So what can we do? We know the voltage of the source (9 volts) applied across the series combination of R1, R2, and R3, and we know the resistances of each resistor, but since those quantities aren’t in the same context, we can’t use Ohm’s Law to determine the circuit current. If only we knew what the total resistance was for the circuit: then we could calculate total current with our figure for total voltage (I=E/R).
This brings us to the second principle of series circuits: the total resistance of any series circuit is equal to the sum of the individual resistances. This should make intuitive sense: the more resistors in series that the electrons must flow through, the more difficult it will be for those electrons to flow. In the example problem, we had a 3 kΩ, 10 kΩ, and 5 kΩ resistor in series, giving us a total resistance of 18 kΩ:
In essence, we’ve calculated the equivalent resistance of R1, R2, and R3 combined. Knowing this, we could re-draw the circuit with a single equivalent resistor representing the series combination of R1, R2, and R3:
Now we have all the necessary information to calculate circuit current, because we have the voltage between points 1 and 4 (9 volts) and the resistance between points 1 and 4 (18 kΩ):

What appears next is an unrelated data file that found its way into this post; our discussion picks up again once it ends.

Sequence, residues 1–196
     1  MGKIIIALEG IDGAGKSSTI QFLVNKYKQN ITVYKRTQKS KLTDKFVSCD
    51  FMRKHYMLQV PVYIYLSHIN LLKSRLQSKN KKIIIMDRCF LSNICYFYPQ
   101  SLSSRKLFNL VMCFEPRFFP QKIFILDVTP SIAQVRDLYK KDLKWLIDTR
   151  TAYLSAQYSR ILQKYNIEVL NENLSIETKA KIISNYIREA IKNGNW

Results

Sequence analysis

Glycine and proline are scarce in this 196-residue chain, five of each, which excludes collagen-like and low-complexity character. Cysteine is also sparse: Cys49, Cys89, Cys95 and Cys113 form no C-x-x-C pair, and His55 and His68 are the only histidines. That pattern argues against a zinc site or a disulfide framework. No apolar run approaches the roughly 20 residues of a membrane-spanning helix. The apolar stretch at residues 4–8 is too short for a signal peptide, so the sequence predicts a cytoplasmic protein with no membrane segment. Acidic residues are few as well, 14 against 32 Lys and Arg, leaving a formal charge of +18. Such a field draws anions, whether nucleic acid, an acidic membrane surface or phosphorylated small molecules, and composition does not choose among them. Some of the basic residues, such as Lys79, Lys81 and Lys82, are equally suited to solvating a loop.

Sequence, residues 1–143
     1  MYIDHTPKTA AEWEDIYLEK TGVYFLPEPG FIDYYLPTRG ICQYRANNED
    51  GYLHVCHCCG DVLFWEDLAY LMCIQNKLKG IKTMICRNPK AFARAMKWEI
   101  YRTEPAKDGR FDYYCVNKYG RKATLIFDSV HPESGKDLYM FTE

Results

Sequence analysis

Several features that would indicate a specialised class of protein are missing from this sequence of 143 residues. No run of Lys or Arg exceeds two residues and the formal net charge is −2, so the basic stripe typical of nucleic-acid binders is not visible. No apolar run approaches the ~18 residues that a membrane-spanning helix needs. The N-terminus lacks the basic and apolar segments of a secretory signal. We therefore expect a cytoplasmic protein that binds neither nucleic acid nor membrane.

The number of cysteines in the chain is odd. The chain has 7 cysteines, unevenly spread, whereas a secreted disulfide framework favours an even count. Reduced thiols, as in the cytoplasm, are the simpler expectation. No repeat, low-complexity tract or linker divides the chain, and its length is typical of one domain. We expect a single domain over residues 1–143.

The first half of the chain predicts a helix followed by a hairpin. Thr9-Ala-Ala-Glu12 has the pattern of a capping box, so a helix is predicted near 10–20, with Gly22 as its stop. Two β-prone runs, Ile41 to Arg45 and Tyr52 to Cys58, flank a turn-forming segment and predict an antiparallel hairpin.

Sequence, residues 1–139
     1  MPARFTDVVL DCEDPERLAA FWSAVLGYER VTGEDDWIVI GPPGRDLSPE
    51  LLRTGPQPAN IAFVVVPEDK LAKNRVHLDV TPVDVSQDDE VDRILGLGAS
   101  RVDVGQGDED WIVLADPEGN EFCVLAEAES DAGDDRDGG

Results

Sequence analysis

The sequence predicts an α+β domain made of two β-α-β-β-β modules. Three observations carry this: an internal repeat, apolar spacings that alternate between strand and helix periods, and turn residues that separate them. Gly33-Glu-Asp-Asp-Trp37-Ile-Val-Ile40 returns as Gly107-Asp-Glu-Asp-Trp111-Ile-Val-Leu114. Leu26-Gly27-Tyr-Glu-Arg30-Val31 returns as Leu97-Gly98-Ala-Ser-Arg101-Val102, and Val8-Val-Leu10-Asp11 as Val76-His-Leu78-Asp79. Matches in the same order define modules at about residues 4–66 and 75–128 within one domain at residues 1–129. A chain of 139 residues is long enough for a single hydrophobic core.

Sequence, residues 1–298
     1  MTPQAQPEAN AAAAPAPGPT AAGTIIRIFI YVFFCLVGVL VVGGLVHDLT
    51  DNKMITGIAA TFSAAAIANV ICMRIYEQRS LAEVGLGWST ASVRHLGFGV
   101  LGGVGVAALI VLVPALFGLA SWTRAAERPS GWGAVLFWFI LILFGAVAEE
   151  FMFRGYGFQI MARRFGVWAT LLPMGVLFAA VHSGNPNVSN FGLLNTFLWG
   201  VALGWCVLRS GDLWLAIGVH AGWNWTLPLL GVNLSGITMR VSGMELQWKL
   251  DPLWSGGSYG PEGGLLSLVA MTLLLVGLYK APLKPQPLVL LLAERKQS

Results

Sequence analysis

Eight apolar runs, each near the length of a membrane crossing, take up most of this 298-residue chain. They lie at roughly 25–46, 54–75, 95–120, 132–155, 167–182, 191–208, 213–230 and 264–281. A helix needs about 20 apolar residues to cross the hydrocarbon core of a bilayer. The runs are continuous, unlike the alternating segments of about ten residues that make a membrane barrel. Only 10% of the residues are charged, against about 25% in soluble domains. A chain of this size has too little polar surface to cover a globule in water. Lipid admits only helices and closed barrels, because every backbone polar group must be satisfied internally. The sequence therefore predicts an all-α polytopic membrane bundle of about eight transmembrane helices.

Knowing that current is equal through all components of a series circuit (and we just determined the current through the battery), we can go back to our original circuit schematic and note the current through each component:
Now that we know the amount of current through each resistor, we can use Ohm’s Law to determine the voltage drop across each one (applying Ohm’s Law in its proper context):
Notice the voltage drops across each resistor, and how the sum of the voltage drops (1.5 + 5 + 2.5) is equal to the battery (supply) voltage: 9 volts. This is the third principle of series circuits: that the supply voltage is equal to the sum of the individual voltage drops.
However, the method we just used to analyze this simple series circuit can be streamlined for better understanding. By using a table to list all voltages, currents, and resistances in the circuit, it becomes very easy to see which of those quantities can be properly related in any Ohm’s Law equation:
The rule with such a table is to apply Ohm’s Law only to the values within each vertical column. For instance, ER1 only with IR1 and R1; ER2 only with IR2 and R2; etc. You begin your analysis by filling in those elements of the table that are given to you from the beginning: